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Page last updated at 16:27 GMT, Friday, 6 November 2009

The next level in handheld games

By Ian Hardy
Reporter, BBC Click


Android threat to handheld games firms

Apple's iPhone and iPod touch are starting to erode years of market dominance by Nintendo's DS and Sony's PSP.

Both companies are now facing serious competition in the handheld games area, despite sales of millions of units worldwide.

Phil Schiller, Apple's marketing director, told a conference that his company is ahead of the pack in the number of titles.

"Sony PSP has 607 titles, Nintendo DS has 3,680, and the iPhone OS has 21,178," he said.


Apple has also re-launched its devices with faster processors and third generation operating systems to enable them to handle more complex games.

Nintendo DSi
Nintendo has launched the DSi and its own app store called DSiWare

Joel Santo Domingo, from PC Magazine, believes Apple technology has "leap-frogged" the competition.

"Once developers get their hands on these [Apple] platforms the games will get better," he predicted.

Due to backward compatibility, most of the 21,000 games currently available are not yet taking full advantage of the newest hardware specs.

Video games enthusiasts at a convention in Philadelphia are experiencing first hand the shift in the portable gaming landscape.

"I own the Nintendo DS and I have an iPod Touch. And honestly I play the iPod Touch the most because I carry it with me at all times," said one gamer.

"The DSi implementing a camera and internet features is definitely trying to contend with the mobile market which puts all these features into one," he noted.

Digital distribution

Nintendo is fighting to reverse a 15% drop in DS sales over the past year, while the iPod Touch and iPhone were doubling in units sold.

Al De Leon, from Sony Computer Entertainment in the US
Al De Leon from Sony said the firm is creating 'bite-sized games'

The Apple App Store has made access to games quick and easy, with new companies and established game makers contributing to its success.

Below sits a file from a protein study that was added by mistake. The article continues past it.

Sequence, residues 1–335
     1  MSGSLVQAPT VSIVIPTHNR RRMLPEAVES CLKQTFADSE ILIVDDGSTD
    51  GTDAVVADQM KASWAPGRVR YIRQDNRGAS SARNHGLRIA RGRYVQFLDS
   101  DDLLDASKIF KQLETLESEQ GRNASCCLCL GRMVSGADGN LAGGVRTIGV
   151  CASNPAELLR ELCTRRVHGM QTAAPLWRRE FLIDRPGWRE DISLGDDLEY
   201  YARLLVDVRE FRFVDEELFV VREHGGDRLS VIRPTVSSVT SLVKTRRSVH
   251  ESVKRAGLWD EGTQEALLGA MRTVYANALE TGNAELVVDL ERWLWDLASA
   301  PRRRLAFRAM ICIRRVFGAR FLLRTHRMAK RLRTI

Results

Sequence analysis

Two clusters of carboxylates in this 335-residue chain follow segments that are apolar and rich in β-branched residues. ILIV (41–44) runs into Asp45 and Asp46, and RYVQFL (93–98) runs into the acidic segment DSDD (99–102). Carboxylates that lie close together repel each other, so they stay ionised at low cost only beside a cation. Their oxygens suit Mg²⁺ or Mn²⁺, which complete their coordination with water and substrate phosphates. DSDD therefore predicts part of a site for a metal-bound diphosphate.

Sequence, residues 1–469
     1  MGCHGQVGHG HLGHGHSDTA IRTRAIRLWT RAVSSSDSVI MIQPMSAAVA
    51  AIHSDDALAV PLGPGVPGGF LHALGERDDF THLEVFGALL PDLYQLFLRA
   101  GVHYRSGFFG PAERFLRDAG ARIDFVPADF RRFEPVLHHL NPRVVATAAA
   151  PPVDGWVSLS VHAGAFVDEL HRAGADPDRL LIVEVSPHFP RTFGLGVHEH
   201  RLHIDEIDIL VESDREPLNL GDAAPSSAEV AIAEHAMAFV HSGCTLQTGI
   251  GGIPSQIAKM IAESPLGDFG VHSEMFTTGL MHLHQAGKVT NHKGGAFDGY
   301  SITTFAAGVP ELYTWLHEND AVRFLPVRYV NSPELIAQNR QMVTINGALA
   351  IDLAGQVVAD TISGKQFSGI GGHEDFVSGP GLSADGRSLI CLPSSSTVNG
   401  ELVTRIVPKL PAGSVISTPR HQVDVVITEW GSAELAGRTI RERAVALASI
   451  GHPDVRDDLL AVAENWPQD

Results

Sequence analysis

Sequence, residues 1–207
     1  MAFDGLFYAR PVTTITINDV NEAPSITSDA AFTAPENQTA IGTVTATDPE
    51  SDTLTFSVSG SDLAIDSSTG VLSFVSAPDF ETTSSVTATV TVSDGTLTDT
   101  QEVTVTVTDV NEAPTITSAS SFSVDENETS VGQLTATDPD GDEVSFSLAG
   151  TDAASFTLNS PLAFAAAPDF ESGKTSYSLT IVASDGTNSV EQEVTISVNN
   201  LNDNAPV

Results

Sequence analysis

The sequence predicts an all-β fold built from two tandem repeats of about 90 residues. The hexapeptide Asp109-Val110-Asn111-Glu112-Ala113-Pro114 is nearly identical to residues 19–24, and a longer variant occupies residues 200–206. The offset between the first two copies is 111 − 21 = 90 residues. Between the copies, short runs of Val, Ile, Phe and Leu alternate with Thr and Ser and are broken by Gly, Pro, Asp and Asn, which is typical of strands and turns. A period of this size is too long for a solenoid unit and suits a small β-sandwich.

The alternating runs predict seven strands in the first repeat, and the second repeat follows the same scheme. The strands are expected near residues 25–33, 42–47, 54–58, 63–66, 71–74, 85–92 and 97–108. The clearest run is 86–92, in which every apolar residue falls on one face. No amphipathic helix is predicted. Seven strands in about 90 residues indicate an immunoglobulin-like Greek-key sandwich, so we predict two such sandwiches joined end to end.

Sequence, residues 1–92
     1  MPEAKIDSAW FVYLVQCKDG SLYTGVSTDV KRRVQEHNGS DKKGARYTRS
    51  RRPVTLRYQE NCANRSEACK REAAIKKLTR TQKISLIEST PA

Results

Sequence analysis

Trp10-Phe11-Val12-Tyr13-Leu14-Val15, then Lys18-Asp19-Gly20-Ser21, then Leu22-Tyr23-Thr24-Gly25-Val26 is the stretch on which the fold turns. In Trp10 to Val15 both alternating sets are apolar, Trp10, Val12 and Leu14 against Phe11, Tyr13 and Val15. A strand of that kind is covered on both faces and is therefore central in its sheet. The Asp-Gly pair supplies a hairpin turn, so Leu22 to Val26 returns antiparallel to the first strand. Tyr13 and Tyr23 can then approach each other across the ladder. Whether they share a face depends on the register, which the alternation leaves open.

Justin Kubiak, from the video games giant Electronic Arts (EA), explained there are advantages for commercial distributers too.

''It's a much better financial situation for us - we have fewer packaged goods to deal with," he said, "The world is moving in that direction".

He predicted that companies will start adjusting their business models to please consumers keen on digital distribution.

Nintendo and Sony are taking such changes into account. Nintendo released in April its own app store called DSiWare. Plus, Sony released the wi-fi enabled PSP Go and its own download service.

Open source

Sony is also launching launching Minis - a new section in its online store that will offer cheaper games.

"These will be smaller bite-sized games that are really easy to pick up and play," said Al De Leon, from Sony Computer Entertainment in the US.

Wiz handheld games console

"We'll continue to offer the huge games like God of War and Grand Theft Auto as well as these smaller Minis," he added.

Nintendo and Sony still prefer selling more involving games at the $30 to $40 (£18-24) price point.

But Sony is now trying to compete with the Apple App Store where some titles go for 99 cents (60 pence) or free to recession-struck consumers.

Competition is also growing from less known console makers who are building devices such as the Wiz on the Linux platform, including an open source app store.

'Any users or developers interested will be able to develop the games through their program and then put it inside our Wiz,'' said Tony Han, from the console's manufacturer, Gamepark Holdings.

The biggest threat to Nintendo, Sony and Apple could come yet from Google's Android 2.0 platform which is given away to phone makers.

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